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Old 07-26-2018, 11:13 AM   #1
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Palapa Problems

While trolling for recipes, I came across a particularly intriguing one for a condiment called palapa. It is apparently common in the Phillipines, and I’d love to try it, but I’ve got two problems with the ingredients.

1 fresh coconut
16 red Thai chiles
6 dried shiitake mushrooms
¼ cup vegetable oil
1½ heads of garlic, separated into cloves, peeled, finely chopped
1 2-inch piece ginger, peeled, finely chopped
1 bunch scallions, trimmed, chopped
6 makrut lime leaves, thinly sliced, or 1½ teaspoons finely grated lime zest
3 tablespoons sugar
1 tablespoon Diamond Crystal or 2 teaspoons Morton kosher salt

Problem #1) Fresh coconut? I barely have the strength to open a car door, and they expect me to go whacking and chopping like some kind of deranged kitchen ninja. Doesn’t anyone anywhere sell fresh shredded coconut meat? Or if not fresh, frozen? The reason the recipe calls for fresh grated coconut is because you’re supposed to slowly toast it for 15 to 20 minutes in a dry wok or cast iron skillet. Dried coconut would conceivably turn to ash in about two minutes.

Problem #2) Sixteen Thai chiles??? I put a half a Serrano, seeded, de-ribbed, and finely minced into about four cups of salad, and thought “Aren’t Serrano chiles supposed to be on the mild side?” My tolerance for spicy has really diminished over the past few years! No way my tongue or soft palate could withstand the heat of sixteen Thai chiles. So is there a chili with less heat (a lot less heat) than a Thai, but still full of flavor? I’ll add maybe one Thai chili to it for authenticity’s sake. (Dear Lord Moses, I’m turning into my father! If you looked at a plate while saying the word “Tabasco,” he would declare the dish too “sharp.”)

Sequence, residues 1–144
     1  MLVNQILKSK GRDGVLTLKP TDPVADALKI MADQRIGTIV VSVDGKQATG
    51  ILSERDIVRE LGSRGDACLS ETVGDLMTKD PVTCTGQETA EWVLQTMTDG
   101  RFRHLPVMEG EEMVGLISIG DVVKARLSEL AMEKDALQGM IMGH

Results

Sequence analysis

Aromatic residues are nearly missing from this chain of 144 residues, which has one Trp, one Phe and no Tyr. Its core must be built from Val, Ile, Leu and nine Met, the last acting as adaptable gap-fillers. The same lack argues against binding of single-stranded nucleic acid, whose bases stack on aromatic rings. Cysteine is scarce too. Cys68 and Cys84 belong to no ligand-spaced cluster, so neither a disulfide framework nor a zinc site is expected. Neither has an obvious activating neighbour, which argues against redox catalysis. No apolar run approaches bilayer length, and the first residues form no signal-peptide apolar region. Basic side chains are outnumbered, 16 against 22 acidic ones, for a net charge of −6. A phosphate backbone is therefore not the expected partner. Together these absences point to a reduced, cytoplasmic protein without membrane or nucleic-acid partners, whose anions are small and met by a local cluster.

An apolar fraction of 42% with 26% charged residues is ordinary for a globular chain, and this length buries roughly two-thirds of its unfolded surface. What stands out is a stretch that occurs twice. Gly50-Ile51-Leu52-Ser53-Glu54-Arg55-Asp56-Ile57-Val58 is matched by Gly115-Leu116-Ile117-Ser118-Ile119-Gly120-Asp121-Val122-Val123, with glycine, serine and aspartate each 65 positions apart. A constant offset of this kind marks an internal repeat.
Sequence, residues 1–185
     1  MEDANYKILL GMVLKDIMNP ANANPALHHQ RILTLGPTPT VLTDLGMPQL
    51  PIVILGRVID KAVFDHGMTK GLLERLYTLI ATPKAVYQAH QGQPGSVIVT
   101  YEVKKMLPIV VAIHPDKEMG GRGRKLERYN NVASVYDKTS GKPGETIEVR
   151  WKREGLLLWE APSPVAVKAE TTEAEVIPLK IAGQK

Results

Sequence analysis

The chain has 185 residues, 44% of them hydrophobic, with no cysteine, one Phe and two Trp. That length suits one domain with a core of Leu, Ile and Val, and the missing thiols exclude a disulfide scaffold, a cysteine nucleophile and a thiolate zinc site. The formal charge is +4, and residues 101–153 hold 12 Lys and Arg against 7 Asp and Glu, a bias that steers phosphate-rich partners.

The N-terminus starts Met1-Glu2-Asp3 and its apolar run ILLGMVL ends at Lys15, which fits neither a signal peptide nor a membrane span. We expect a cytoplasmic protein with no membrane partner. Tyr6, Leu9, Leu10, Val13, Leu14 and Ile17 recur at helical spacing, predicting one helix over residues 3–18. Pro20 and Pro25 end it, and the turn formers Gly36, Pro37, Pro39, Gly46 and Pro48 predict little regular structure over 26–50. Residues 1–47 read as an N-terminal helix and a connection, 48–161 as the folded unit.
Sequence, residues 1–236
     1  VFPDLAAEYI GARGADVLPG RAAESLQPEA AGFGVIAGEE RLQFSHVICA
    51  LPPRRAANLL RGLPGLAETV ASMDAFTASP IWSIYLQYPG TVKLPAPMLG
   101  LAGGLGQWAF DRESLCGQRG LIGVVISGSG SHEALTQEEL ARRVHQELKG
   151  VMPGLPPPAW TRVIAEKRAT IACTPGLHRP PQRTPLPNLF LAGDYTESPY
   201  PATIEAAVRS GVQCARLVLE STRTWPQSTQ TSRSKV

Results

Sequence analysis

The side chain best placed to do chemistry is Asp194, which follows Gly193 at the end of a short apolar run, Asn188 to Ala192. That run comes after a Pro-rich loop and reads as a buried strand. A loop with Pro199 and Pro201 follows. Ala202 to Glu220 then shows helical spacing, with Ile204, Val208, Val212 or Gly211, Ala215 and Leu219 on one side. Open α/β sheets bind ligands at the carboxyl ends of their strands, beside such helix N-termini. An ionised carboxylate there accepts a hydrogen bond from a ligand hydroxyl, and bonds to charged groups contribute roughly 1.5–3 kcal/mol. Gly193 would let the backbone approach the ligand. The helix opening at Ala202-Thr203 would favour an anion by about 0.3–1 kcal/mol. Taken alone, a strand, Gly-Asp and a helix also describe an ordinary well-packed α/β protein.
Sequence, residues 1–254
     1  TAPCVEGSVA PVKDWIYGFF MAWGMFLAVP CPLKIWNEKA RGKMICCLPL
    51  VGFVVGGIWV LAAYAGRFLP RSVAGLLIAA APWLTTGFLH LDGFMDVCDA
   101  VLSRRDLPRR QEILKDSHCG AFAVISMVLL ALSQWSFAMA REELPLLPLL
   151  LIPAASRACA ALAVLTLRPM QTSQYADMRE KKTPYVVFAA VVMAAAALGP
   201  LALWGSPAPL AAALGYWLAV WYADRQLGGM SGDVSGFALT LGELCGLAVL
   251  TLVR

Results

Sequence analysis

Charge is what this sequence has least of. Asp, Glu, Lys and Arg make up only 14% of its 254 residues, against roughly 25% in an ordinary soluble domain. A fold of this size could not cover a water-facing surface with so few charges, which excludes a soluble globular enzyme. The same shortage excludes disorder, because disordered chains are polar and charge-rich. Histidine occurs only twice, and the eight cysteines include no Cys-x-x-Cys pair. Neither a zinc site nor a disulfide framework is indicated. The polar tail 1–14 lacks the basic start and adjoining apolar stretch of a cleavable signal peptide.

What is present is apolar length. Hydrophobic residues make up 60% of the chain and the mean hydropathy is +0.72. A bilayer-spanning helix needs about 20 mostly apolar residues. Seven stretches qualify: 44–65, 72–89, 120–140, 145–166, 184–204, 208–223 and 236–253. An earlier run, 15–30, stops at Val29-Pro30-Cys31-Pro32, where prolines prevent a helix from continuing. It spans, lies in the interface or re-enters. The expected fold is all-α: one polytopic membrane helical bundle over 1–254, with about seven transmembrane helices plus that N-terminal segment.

What say you, DCers?

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Old 07-26-2018, 11:19 AM   #2
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I do not know about fresh coconut, but you could always toast your dried coconut in the oven. I normally do 325˚F, stirring every couple of minutes.

The thai chilis, that does seem like a lot for a westerner without a heat tolerance. I would suggest making it with one, tasting it, and adding as many as you can handle. Remember that this a condiment. Sriracha sauce is very hot by it self but if it goes in something else, or on the side, it isn't too bad.
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Old 07-26-2018, 11:22 AM   #3
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1. The recipe calls for fresh grated coconut because that's what people had before refrigeration was common. Then they toasted it when they were ready to make the dish. Just use dried toasted coconut and skip the toasting step.

2. Reduce the number of chiles to however many you can tolerate. Or use one habañero. Or one jalapeño. Whatever you want. There's no law that says you have to follow a recipe to the letter.
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Old 07-26-2018, 11:29 AM   #4
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Fresh coconut can be a challenge but we'd still get one every once in a while when the kids were little to show them coconuts, the coconut water inside and the flesh, to munch on.